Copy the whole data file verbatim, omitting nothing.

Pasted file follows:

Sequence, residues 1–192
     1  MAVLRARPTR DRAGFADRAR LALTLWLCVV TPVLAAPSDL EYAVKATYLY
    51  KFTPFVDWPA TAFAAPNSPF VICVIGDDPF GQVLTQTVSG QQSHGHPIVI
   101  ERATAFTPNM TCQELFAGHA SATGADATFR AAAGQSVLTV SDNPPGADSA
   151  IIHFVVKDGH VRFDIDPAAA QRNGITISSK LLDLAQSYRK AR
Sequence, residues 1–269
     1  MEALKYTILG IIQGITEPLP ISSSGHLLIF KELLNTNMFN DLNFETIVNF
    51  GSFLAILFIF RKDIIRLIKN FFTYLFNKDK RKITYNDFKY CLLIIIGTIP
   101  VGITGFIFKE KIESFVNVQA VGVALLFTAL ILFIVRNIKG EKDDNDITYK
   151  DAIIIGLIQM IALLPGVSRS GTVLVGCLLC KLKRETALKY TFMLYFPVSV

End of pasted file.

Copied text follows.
Sequence, residues 1–192
     1  MAVLRARPTR DRAGFADRAR LALTLWLCVV TPVLAAPSDL EYAVKATYLY
    51  KFTPFVDWPA TAFAAPNSPF VICVIGDDPF GQVLTQTVSG QQSHGHPIVI
   101  ERATAFTPNM TCQELFAGHA SATGADATFR AAAGQSVLTV SDNPPGADSA
   151  IIHFVVKDGH VRFDIDPAAA QRNGITISSK LLDLAQSYRK AR
Sequence, residues 1–269
     1  MEALKYTILG IIQGITEPLP ISSSGHLLIF KELLNTNMFN DLNFETIVNF
    51  GSFLAILFIF RKDIIRLIKN FFTYLFNKDK RKITYNDFKY CLLIIIGTIP
   101  VGITGFIFKE KIESFVNVQA VGVALLFTAL ILFIVRNIKG EKDDNDITYK
   151  DAIIIGLIQM IALLPGVSRS GTVLVGCLLC KLKRETALKY TFMLYFPVSV